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In how many ways can you spell the word COOL in the grid below? You can start on any letter, then on each step, you can step one letter in any direction (up, down, left, right, or diagonal).
 

 

\(\begin{array}{ccccc} C&C&C&C&C\\ L&O&O&O&L\\ L&O&O&O&L\\ L&O&O&O&L\\ C&C&C&C&C\\ \end{array}\)

 

I have gotten many answers, but they are all wrong so far. 

Wrong answers: 84, 64 and 4

Please help.

Mr.Owl  Oct 24, 2017
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11+0 Answers

 #1
avatar+22 
0

I kind of see this as a tricky english question because if you look into the wording of the problem it's asking

 

How many ways can you SPELL the word cool. (not how many times can you FIND the word)

 

There's only one way to spell the word "cool"

 

So i believe the answer is 1

MicahSmith07  Oct 24, 2017
 #3
avatar+443 
0

This is a math forum, and the poster is a serious user.  seriously doubt he would post a joke like that unless it was somehow indicated to be a joke thread.

helperid1839321  Oct 24, 2017
 #4
avatar+304 
0

The answer 1 was incorrect, I just can't figure this one out!

Mr.Owl  Oct 24, 2017
 #7
avatar
0

lol wow it was supposed to be a joke.

Guest Oct 24, 2017
 #2
avatar+443 
0

There are 4 that have 1 entry point from the C, and you can't use the middle C, because if you get there, there is nothing to go to: 4(1*1*3) makes 12 (you have to move diagonally away, then vertical, then you are at the middle and can go diagonally or horizontal, making 3 possibilities.)

Starting from the middle outside: 4(2 + 10 = 12) = 48.

Staring from the top and bottom center: 2(2 + 3 + 3 + 2 = 10) = 20.

I'm getting 80, but I feel like I did the last one wrong.

helperid1839321  Oct 24, 2017
 #5
avatar+304 
0

WHY?!?! I have tried 

64, 4, 84, 1, 80 and 2!! HOW HARD IS THIS??

Mr.Owl  Oct 24, 2017
 #6
avatar+443 
0

We're all getting frustrated, so let's start with what we know:

The C's are mirrored on either side, so we know that the solution has to be even.

That's all I can think of.

helperid1839321  Oct 24, 2017
 #8
avatar+1375 
+4

I have been trying and trying and trying, and I am counting 96. 

 

A "C" in the corner has 3 ways to make the word "cool." 

 

Since there are 4 of them, 3*4=12

 

A "C" adjacent to a C in the corner has 13 ways to make the word "cool."

 

Since there are 4 of them, 4*13=52

 

A "C" in the center column has 16 ways to make the word "cool."

 

Since there are 2 of them, 16*2=32

 

Now, add these combinations together. 12+52+32 = 96 ways to make the word "cool."

 

Please try this answer. If this is wrong, please let me know.

TheXSquaredFactor  Oct 25, 2017
 #9
avatar+304 
0

Dude, u must be legend... it worked.

Mr.Owl  Oct 25, 2017
 #10
avatar+1375 
+3

I am ??!!??!?!?!?!?!!? Well, thank you!

 

I wish I could explain how I got that answer. 

 

I will give my best attempt, I guess.

 

  Column 1 Column 2 Column 3 Column 4 Column 5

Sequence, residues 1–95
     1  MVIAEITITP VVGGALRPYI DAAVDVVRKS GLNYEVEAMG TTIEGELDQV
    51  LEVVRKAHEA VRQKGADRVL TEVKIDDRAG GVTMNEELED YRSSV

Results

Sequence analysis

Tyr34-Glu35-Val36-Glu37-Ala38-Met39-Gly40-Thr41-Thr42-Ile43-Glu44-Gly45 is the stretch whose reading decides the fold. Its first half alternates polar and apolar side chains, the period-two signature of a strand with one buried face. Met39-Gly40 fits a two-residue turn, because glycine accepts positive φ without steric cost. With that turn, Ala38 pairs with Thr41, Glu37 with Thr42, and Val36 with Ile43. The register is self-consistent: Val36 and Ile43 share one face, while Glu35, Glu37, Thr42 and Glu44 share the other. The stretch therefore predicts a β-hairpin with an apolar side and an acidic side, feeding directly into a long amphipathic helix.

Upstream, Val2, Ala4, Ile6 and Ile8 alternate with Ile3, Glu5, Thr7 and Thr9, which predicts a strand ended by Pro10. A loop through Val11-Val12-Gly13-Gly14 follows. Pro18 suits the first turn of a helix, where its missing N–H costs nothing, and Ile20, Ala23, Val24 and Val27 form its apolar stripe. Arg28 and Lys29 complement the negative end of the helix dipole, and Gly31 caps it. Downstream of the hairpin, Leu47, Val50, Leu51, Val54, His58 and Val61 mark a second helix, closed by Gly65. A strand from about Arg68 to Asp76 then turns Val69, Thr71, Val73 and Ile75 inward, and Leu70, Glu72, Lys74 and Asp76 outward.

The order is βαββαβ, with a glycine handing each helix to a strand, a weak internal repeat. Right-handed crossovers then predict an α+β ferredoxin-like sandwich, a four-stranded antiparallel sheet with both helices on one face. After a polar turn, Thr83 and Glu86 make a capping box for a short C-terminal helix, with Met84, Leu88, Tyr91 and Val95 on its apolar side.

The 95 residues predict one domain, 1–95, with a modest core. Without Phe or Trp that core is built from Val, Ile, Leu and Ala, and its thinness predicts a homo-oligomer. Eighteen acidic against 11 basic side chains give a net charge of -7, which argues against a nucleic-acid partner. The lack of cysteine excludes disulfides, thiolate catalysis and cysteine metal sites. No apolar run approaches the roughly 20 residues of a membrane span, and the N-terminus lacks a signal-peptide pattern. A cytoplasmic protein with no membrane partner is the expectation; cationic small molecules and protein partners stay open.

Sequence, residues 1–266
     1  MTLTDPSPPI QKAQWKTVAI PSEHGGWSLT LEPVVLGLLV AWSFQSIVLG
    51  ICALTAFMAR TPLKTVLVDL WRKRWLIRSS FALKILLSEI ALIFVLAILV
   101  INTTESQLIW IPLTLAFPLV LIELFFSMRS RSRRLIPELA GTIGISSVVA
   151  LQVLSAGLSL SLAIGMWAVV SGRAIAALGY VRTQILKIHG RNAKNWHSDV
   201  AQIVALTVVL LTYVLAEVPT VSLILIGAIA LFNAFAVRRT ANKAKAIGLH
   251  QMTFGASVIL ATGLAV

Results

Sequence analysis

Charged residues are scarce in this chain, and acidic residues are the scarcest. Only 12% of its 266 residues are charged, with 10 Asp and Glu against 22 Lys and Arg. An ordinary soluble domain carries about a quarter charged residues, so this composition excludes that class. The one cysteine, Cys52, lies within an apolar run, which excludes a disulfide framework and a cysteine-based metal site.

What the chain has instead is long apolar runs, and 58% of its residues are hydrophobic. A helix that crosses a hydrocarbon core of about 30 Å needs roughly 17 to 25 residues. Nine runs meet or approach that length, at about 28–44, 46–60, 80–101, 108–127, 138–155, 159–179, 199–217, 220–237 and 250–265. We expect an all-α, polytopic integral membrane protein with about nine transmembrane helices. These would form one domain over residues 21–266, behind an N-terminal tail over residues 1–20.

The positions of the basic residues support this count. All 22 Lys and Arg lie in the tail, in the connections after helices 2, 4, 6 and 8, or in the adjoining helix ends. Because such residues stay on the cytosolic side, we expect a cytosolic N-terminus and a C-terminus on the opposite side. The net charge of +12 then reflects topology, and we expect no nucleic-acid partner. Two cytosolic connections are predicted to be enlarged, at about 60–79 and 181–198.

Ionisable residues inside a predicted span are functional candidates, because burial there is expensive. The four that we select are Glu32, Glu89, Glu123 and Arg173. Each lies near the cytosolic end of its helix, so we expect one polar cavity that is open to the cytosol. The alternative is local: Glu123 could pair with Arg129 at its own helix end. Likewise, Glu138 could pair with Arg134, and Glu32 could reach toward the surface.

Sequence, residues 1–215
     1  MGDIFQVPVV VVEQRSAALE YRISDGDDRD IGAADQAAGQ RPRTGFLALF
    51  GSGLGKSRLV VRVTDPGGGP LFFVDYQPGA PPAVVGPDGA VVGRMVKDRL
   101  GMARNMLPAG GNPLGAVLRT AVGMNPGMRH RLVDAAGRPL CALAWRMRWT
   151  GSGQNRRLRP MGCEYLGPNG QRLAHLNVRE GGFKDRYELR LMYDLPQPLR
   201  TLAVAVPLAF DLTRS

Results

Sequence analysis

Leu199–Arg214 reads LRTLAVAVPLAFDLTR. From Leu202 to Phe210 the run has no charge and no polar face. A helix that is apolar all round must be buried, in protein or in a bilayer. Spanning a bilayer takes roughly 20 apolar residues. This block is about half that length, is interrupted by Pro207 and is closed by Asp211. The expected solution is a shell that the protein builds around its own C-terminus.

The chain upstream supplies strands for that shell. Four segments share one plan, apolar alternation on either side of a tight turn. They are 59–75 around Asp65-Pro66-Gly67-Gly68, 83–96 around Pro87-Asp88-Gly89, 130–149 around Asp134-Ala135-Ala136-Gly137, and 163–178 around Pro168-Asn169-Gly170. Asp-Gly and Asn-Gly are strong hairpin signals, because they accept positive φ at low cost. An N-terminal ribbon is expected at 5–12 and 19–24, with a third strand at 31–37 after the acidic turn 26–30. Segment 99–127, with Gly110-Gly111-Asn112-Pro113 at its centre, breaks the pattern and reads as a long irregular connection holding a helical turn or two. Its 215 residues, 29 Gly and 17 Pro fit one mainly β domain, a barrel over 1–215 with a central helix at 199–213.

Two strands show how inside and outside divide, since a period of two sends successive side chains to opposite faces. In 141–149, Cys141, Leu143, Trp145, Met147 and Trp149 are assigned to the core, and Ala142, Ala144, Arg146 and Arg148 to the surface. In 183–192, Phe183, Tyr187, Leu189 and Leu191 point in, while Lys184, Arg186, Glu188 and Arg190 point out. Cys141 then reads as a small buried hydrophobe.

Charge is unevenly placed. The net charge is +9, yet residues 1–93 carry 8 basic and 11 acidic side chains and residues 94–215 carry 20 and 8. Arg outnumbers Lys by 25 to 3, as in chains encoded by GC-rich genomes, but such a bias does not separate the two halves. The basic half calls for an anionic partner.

Row 1 L       L
Row 2 L O   O L
Row 3 L O O O L
Row 4 C C C C C

 

This is just one side of the table. I have color coded the O's such that if you land on an O as your second-to-last letter, then you will have a certain number of possibilities. 

 

A red O means there are 3 possibilities.

 

A Blue O means there are 2 possibilities.

 

Hopefully, you can see why this is the case.

 

Let's start with the easiest: The "C" in the corner. Before I start, I will use my own style of Cartesian coordinates where it represents the intersection of a column and a row. For example, \((C1,R1)\) is (Column 1, Row 1), for short. In this case, this letter happens to be L.

 

There is only one case to consider now for the corner "C." It is the following:
 

1) \((C5,R4)\Rightarrow(C4,R3)\Rightarrow(C4,R2)\)

 

Look at that! I have landed on a red O, which signifies 3 possibilities. This means that the corner "C" has 3 possibilities. There are 4 instances of the corner "C," so 4*3=12

 

Time to consider the next case: The "C" adjacent to the corner "C"

 

Now, let's consider how many cases there are for the sequence \((C4,R4)\Rightarrow(C3,R3)\). Well, the number of possibilities is equal to the sum of the number of possibilities its neighbors are immediately adjacent to. 

 

\((C3,R3)\)  is adjacent to 2 red and 2 blue O's. Because there are 3 possibilities for a red one and 2 possibilities for a blue one, the number of possibilities is \(3+3+2+2=10\). However, this is only one sequence. Let's consider the next sequence of \((C4,R4)\Rightarrow(C4,R3)\Rightarrow(C4,R2)\). Oh look! This is a red "O," which has 3 possibilities, so let's add the number of possibilities together.

 

\(10+3=13\)

 

There are 4 of these in the diagram, so \(13*4=52\)

 

 

Now, let's consider the center "C." Well, we can use the same logic as before to know that \((C3,R4)\Rightarrow(C3,R3)\) has 10 possibilities. We know that there are 2 avenues to red O's, which equals 6 additional paths.

 

In total, that equates to \(10+6=16\) ways. There are two instances of there, so \(2*16=32\)

 

The last step is to add the numbers together. \(12+52+32=96\) ways.

TheXSquaredFactor  Oct 25, 2017
 #11
avatar+5261 
+2

Wow! That was good thinking, X2 !!!  laugh

hectictar  Oct 25, 2017

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